“It’s hard not to watch Charles Woodson,” Rodgers said. “He’s obviously a former Packer, a great friend. He was a great leader for us at a time when we needed that type of leadership and he took us to a special place and had a lot of memories together. He’s playing great football. It’s impressive to see. Obviously, I’m a little biased but I think any fair opinion out there would say that he’s playing the position at the top of his game right now. So, he sticks outs.”
While this will be the first Rodgers-Woodson regular-season matchup, they waged daily duels on the practice field, especially during training camp. Perhaps because of Woodson, Rodgers has the lowest interception percentage in NFL history. Perhaps because of Rodgers, Woodson transformed himself into one of the best cornerbacks of all-time after his first eight seasons with the Raiders ended with a mutual parting of the ways.
“He made me a lot better player,” Rodgers said. “I really got to work on my look-offs and my no-look passes against Charles because if you weren’t aware of where he was at every single rep, he’d make you look bad. When you’re a backup, you care so much about how those practices go and every rep, and the last thing you want is to see Charles holding that ball up after an interception and tossing it back to you. So, he made everybody better when he was here, and he’s still doing it.”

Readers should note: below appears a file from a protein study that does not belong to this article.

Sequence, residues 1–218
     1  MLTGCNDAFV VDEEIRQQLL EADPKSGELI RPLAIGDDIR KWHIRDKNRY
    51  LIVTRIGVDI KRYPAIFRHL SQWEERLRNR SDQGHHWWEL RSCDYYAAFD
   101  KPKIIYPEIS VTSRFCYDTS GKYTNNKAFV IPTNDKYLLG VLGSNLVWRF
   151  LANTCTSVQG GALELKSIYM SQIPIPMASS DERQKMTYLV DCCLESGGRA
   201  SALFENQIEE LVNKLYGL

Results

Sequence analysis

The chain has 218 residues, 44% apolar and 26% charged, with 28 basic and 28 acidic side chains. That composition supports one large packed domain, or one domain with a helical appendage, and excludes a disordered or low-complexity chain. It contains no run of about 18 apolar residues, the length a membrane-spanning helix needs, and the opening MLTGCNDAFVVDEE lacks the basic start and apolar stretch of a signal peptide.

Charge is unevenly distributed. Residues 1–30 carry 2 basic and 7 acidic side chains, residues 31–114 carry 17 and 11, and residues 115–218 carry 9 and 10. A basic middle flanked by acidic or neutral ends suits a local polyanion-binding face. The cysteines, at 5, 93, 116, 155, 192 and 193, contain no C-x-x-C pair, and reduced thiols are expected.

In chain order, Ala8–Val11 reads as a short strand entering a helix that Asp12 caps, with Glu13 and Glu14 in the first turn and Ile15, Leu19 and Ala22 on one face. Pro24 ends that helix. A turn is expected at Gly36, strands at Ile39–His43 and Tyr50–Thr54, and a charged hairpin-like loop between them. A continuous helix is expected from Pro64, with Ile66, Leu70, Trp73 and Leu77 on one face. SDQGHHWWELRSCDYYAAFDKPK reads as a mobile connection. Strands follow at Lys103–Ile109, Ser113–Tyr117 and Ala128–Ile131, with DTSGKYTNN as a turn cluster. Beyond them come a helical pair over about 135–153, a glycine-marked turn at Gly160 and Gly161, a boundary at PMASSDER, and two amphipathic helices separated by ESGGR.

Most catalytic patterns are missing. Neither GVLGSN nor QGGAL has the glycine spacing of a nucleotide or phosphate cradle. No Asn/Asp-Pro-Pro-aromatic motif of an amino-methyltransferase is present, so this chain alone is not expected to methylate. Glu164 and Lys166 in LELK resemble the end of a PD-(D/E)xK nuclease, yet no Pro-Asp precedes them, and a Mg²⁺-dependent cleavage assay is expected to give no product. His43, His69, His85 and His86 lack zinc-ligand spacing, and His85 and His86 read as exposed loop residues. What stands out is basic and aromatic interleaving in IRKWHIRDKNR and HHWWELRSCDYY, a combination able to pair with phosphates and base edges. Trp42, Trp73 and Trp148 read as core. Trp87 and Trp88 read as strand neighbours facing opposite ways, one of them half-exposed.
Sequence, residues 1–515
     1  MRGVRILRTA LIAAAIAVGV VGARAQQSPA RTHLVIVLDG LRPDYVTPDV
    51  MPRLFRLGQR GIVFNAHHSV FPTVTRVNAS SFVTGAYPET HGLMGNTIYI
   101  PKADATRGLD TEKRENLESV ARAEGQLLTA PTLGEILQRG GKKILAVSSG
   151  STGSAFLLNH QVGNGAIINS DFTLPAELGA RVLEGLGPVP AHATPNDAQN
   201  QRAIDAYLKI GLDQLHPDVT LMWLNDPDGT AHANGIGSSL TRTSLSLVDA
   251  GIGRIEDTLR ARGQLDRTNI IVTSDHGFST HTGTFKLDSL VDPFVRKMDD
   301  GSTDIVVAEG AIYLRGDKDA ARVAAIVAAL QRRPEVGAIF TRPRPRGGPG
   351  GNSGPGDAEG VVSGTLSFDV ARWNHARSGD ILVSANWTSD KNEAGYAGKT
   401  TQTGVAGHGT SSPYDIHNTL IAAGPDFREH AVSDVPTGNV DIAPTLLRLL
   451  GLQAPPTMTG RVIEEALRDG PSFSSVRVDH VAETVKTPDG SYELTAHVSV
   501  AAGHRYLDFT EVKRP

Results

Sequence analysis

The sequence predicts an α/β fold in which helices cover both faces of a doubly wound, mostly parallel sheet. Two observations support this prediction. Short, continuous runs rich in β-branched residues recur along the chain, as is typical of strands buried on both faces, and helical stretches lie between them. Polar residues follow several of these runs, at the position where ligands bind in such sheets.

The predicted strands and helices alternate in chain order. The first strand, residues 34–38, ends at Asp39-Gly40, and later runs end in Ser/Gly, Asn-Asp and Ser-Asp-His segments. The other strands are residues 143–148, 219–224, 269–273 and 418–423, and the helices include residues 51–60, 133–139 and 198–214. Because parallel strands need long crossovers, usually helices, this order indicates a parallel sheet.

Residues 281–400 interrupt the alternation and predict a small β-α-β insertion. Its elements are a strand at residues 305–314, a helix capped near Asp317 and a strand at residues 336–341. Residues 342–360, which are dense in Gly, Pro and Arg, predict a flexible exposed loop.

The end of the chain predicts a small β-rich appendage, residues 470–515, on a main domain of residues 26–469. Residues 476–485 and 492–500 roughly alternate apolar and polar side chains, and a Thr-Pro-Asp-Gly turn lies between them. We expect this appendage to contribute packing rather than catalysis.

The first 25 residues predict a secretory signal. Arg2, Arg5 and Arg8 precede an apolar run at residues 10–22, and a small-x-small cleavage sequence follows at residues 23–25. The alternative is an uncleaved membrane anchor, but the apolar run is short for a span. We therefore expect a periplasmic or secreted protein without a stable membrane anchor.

Woodson wasn’t sure if those practice-field battles would serve any purpose on Sunday. Back then, Woodson played cornerback and in the slot. Now, he’s at safety, so he’s seeing the game from a different perspective. Woodson said the key for he and his teammates will be to “keep it simple.”
“It’s about me being patient in the back end, not going for pump fakes and things like that,” he said. “You’ve got to be patient when you’re at deep safety. It is fun watching the film and seeing his mechanics and the way he moves around. I’ve never quite studied him like this preparing for a game, so it’ll be a lot of fun do it.”
Woodson’s been having plenty of fun this season. Among players age 39 and older in NFL history, nobody has recorded more interceptions in a season than Woodson. Rodgers, however, said it would be “disrespectful” to be surprised by Woodson’s production this season.
Woodson isn’t surprised, either. After spending most of his career at cornerback, starting with being the No. 4 pick in the 1998 draft by the Raiders, he’s now in his third season as a full-time safety.
“This is exactly what I expected, because I felt like when I came here, then I fully made this transition to the safety position,” Woodson said. “Really, I felt like a rookie as far as trying to learn the position, the different nuances of the position. So, I felt like I was always going to get better. This is my third year playing the safety position, and I felt like each year that I’ve played I’ve gotten better. So, this is exactly what I expected.”
Bill Huber is publisher of PackerReport.com and has written for Packer Report since 1997. E-mail him at firstname.lastname@example.org or leave him a question in Packer Report’s subscribers-only Packers Pro Club forum. Find Bill on Twitter at www.twitter.com/PackerReport.